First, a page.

Economic Crisis in the Balkans: The Ticking Bomb

Economic Crisis in the Balkans: The Ticking Bomb

SKOPJE, Macedonia -- On July 1, in an unexpected move that shocked the entire nation, Croatian Prime Minister Ivo Sanader announced his resignation. Sanader blamed his departure "at least in part" on the politics of the European Union, which could not overcome the Slovenian veto on Croatia's accession. Croatia was set to enter the EU by next year, but was blocked by Slovenia -- already an EU member state -- over an unresolved territorial dispute.

But while the accession crisis has put pressure on Croatia, it may be only part of the story behind Sanader's resignation. The country is in bad shape economically. Having entered into serious recession in the first quarter, it is having difficulty servicing its huge external debt (close to €40 billion). Rumors are rife that the government is on the verge of bankruptcy, and that it could be just a matter of time before it is unable to pay salaries. That could spell serious social unrest.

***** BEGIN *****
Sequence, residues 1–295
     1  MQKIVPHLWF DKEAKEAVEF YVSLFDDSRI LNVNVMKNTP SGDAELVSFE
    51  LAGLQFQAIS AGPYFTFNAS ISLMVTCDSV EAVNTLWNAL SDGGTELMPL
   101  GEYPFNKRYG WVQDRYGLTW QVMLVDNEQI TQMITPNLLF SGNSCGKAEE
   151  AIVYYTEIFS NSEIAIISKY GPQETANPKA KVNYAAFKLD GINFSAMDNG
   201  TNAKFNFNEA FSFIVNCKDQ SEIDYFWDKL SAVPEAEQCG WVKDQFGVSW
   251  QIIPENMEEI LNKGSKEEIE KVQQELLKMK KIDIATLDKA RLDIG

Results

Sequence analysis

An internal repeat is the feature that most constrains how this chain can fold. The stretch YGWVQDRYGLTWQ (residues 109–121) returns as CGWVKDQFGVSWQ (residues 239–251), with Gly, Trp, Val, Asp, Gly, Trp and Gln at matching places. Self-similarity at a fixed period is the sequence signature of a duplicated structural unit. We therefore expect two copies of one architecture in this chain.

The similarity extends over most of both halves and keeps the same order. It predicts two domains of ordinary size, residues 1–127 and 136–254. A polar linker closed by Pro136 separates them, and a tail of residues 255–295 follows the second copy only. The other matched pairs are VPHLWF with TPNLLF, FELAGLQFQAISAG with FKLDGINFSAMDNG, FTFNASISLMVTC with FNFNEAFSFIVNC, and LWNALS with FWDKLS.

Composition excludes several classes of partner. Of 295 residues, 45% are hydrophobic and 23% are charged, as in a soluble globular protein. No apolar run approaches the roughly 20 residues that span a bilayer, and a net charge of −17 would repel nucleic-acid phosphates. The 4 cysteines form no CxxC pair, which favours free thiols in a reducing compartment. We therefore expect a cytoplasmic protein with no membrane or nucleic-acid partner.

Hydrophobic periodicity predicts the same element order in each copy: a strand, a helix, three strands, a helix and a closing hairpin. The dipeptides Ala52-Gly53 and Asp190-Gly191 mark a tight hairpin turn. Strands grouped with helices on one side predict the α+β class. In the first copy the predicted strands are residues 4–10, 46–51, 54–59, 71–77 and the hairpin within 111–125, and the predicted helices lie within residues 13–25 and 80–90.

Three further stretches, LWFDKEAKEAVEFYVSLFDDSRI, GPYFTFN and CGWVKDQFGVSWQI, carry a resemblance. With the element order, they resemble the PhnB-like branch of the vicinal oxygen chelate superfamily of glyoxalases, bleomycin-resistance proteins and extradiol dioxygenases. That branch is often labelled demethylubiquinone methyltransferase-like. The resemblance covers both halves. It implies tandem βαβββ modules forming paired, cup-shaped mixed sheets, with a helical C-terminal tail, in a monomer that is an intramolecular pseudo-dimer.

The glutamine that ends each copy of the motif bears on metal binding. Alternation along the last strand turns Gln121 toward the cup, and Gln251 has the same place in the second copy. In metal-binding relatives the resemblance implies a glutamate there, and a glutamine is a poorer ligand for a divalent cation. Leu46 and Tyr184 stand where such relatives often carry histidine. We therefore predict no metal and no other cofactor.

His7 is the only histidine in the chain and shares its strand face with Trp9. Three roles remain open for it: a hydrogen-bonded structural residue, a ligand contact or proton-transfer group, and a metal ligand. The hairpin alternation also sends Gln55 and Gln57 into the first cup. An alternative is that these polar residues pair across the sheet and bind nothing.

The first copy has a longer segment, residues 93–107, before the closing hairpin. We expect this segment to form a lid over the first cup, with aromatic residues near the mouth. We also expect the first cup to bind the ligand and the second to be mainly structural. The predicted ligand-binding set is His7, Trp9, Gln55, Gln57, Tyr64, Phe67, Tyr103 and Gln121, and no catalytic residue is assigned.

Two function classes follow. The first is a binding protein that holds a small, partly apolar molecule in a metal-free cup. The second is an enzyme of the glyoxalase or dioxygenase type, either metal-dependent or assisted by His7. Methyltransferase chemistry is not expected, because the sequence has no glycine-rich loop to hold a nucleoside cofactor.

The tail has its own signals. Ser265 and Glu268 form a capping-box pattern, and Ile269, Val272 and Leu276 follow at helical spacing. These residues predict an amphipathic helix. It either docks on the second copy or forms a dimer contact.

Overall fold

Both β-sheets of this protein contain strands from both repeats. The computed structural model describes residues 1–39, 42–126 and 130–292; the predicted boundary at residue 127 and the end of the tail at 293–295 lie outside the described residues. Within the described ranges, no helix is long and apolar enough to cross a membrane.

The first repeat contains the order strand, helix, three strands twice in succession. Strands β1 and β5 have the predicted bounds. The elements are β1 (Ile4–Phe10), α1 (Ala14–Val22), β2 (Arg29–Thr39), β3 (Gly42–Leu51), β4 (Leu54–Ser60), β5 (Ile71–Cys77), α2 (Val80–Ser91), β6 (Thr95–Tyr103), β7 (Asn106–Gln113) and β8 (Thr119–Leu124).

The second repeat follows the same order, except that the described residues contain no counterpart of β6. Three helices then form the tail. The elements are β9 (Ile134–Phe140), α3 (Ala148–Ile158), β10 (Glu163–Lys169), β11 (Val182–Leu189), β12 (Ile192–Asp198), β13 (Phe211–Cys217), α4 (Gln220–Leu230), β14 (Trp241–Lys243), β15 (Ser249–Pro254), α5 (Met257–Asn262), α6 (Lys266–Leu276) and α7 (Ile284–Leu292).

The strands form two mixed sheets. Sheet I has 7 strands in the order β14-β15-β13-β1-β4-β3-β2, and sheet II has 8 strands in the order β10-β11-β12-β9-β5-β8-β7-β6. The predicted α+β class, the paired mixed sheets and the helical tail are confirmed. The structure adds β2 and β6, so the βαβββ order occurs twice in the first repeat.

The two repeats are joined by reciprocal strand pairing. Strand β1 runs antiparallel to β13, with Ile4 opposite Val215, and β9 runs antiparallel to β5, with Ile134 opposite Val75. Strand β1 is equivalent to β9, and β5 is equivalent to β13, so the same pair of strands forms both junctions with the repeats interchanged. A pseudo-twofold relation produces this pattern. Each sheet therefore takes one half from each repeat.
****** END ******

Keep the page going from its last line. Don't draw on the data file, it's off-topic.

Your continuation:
Croatia is not the only Balkan country in such dire straits. Last week, Macedonian Prime Minister Nikola Gruevski suddenly reshuffled his government, replacing several ministers. Again, the move seemed provoked, at least partially, by the European agenda. The cabinet shuffle followed just a couple of days after the resignation of the strongly pro-European deputy prime minister in charge of European integration, Ivica Bocevski. Analysts interpreted Bocevski's mysterious resignation, offered while he was on a visit to the U.S., as the result of tensions with the more Euro-skeptical Gruevski.

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